LSE Executive Education Courses sat down with Kendall to hear about her experience attending the week-long Entrepreneurship and Innovation in the Age of Change course.
How do you feel right now after you've just completed the course?
Energised! I didn't come here with specific expectations. I came with an open mind and I feel my mind has been expanded in ways that I feel like I'm still reflecting on those ways. I just feel energised.
Why did you choose LSE and this particular course?
The course for me spoke to two specific elements that I'm working on currently in my role. In business innovation, we have responsibilities for working with integrated delivery networks as well as digital technology partners. As well, we have an ambition for the company we're looking at becoming and how we teach our employees to become more agile, more accountable and more 'intrapreneurial.'
In my role I'm currently planning a business innovation forum, and I thought, "How might we teach our employees to be more intrapreneurial? What kinds of shifts in mindset can we inspire in the respective functions that they work in?" I thought that this would give me a more solid foundation in preparation for that work.
There's a number of guest speakers on the course, what did you think of them?
Where do I start? Guest speakers this week have ranged the gamut. Monday, one of the guest speakers was Rennes Rowe coming from Disney. I have somewhat of an entrepreneurial bend in my personal life but part of the expertise in hearing people like Rennes go through what he's done in his career let me know that, you don't have to do one thing, you can pivot. You can change and evolve.
Yesterday we heard from Loraine [Ansell, Visiting Entrepeneur] and for me the takeaway was honing in on knowing one's self. Knowing who you are is as important as what idea or what business idea you may have. I don't think that becoming an entrepreneur is easy. I don't think identifying or anticipating things that may be considered innovative is another easy thing, these are very critically difficult things.
The theme seems with all the presenters was knowing who you are and knowing who to bring in so that your team is successful in whatever your endeavour. That's what I took away for the speakers this week.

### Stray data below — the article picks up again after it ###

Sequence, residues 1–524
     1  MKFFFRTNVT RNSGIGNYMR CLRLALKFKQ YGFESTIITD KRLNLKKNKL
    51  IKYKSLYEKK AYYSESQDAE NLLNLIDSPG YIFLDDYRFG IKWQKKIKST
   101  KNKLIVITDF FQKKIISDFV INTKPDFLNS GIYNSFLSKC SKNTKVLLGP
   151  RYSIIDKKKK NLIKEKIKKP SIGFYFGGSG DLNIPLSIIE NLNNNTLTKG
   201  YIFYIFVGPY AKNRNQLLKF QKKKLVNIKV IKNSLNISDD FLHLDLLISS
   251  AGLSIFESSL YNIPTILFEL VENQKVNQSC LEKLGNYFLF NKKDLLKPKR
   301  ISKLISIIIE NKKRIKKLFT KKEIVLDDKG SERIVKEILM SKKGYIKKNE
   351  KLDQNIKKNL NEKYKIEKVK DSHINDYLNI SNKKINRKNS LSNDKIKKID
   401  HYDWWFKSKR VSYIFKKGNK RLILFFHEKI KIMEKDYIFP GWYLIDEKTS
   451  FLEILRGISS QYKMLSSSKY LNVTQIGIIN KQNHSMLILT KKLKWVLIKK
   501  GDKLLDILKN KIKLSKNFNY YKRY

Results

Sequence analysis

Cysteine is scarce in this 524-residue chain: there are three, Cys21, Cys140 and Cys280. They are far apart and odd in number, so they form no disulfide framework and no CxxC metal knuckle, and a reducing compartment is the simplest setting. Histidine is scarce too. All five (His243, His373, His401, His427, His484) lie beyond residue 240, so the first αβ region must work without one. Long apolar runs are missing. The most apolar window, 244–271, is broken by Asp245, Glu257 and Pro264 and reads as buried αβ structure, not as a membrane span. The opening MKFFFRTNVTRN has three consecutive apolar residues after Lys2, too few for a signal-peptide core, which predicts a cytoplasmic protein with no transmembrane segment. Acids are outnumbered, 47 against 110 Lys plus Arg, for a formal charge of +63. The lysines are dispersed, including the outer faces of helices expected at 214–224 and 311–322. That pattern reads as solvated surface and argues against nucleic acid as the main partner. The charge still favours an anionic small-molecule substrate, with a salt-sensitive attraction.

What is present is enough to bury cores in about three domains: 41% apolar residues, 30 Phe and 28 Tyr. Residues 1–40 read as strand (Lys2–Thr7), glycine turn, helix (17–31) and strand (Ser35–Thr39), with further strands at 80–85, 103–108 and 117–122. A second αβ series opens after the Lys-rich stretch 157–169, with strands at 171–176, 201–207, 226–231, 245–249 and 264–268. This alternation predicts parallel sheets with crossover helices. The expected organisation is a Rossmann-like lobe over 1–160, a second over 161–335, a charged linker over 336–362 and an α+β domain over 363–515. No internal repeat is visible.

If there's one thing that you're going to take away from the course that you feel like will immediately impact your organization, what would that be?
The one thing I can say if I have to only choose one thing, is being receptive to learning. It's easy to get stuck. It's easy especially when you are successful at what you do or you enjoy what you do, it's easy to stay where you are and be good at something. But by being open to learning and being receptive to learning, you become conscious about your movement from where you are to where you can be.
It takes a proactive push upstream in one's self to be able to be open to new things when you're comfortable doing what you do as an expert. That's the one thing I think I can take away from this week and the professors, particularly Susanna and Saul, are shining examples of people who despite their expertise, still seem to have an enthusiasm for being open to learning new things.
As I watch them listen to students in the classroom, you could see their light bulbs going off on things that they were exposed to.
And to see people who were seasoned experts and seasoned faculty actively learning, it's like we all have something to take away from each other. That someone with that much expertise and experience both of them differently did that and you watched the light bulbs, it was just a joy to be around not only the fellow students but the two of them.
It's such an excellent representation of this institution, I couldn't be happier.
Entrepreneurship and Innovation in the Age of Change is running in 2019 from 15 - 19 June.